The completion of projects so that they come in by a certain deadline and within the budget that has been set for them ultimately determines whether a business will prosper or fail. This is what success looks like as far as most companies are concerned, and it’s vital that a thorough and effective methodology is established whenever a project has to be started.
Savvy organisations know how to deliver successful projects every time – if they’re in an industry like engineering, where successful project management is vital, they have to. When everyone is on the same page and knows what is expected in terms of results and outcomes, a coherent plan can be put together and there will hopefully be no surprises at any point throughout the process.
The planning stage is by far the most important stage of any project – when enough time is spent discussing what is expected from the project and how that can realistically be achieved, its ultimate success becomes a lot more likely.
What makes a project successful? Is it the length of time it takes to complete? Is it ensuring that it comes in under or on budget? Different people have different opinions, so it is best to use the planning stage to decide on the criteria for a successful project. The key stakeholders should be involved and able to contribute their opinions and thoughts in order to come to a final answer.
The objectives should be easier to define and establish as far as the key stakeholders are concerned, because it is only once these have been completed that the project as a whole can be deemed finished. If a project does not complete all of its specified objectives, it has failed. The team’s requirements and the client’s expectations should be taken into account here.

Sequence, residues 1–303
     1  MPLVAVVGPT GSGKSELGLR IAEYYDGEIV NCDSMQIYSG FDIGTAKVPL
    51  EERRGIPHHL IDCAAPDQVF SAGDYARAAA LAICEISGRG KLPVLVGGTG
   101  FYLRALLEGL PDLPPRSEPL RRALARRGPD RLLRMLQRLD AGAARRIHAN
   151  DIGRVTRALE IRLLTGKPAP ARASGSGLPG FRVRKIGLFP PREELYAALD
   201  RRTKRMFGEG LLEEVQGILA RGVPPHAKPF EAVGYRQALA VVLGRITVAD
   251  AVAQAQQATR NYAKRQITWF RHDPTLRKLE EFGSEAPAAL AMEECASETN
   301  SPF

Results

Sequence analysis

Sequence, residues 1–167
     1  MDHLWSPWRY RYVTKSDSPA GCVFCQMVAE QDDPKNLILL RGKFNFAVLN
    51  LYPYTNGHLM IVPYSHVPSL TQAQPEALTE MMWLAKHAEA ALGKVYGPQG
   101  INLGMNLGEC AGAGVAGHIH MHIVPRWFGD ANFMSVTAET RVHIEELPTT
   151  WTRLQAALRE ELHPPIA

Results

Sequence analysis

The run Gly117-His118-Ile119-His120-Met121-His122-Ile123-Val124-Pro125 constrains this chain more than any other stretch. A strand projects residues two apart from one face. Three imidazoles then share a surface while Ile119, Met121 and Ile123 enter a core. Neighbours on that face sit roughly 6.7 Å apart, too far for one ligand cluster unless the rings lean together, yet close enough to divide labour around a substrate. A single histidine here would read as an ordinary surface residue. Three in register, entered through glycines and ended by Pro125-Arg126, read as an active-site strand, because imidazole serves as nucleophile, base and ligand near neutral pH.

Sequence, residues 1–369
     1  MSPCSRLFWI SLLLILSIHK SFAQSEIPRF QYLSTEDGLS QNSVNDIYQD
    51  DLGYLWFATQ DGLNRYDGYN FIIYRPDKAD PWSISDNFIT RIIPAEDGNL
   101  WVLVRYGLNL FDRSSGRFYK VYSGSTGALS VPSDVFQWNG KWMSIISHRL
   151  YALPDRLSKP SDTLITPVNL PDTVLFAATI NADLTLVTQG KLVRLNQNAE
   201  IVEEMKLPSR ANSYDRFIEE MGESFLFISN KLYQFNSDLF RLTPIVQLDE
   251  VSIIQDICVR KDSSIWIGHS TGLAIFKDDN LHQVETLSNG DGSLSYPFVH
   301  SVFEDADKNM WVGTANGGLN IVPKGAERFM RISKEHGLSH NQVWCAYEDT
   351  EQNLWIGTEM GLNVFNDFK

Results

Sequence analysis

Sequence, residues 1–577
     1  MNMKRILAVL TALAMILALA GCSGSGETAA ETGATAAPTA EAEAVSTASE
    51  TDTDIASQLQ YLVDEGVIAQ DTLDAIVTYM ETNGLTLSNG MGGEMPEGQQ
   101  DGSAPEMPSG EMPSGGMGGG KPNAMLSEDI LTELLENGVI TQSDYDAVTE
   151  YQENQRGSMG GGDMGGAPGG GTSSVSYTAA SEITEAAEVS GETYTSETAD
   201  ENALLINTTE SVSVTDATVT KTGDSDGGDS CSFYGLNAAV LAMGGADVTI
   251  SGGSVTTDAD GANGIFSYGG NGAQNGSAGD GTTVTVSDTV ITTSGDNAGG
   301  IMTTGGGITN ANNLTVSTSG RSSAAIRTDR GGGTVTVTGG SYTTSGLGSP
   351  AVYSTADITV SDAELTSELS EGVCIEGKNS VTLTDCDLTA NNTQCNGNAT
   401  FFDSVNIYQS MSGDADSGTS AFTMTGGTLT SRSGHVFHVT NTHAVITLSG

The parameters are clear, but the progress towards the completion of each objective should also be measured and charted so that project managers can ensure the whole thing is staying within projected timeframes.
Another major aspect of successful project planning is the securing and allocation of resources needed to begin work on the project and complete the objectives that should now have been decided upon. Project resources usually mean staff availability and budget constraints, though it can be expanded to include certain equipment that might be needed.
It’s important to get the balance right first time here – for example, it can be tempting to overload on junior staff if you think you can’t spare experienced staff, but this can cause problems in the long-run, resulting in the experienced staff having to be used to troubleshoot further down the line.
Projects aren’t just about targets and resources – they’ll be completed by people, not machines, and it’s therefore important that they buy into what the project is trying to achieve and recognise how it benefits the company as a whole. Even though it should really be a given that an employee will put 100% into their work, this isn’t realistic all of the time, and it will become less so if they remain unengaged with the project and their role within it. Taking the time to help them understand the personal and professional benefits of the project will go a long way towards ensuring their engagement with it.
It should be clear that savvy organisations ultimately deliver successful projects at the planning stage, before anything has actually been started. When a company properly allocates its resources, such as engaged and happy staff, to complete predetermined objectives and meet predetermined criteria for success, this will ensure that the project achieves its aims for both themselves and the client.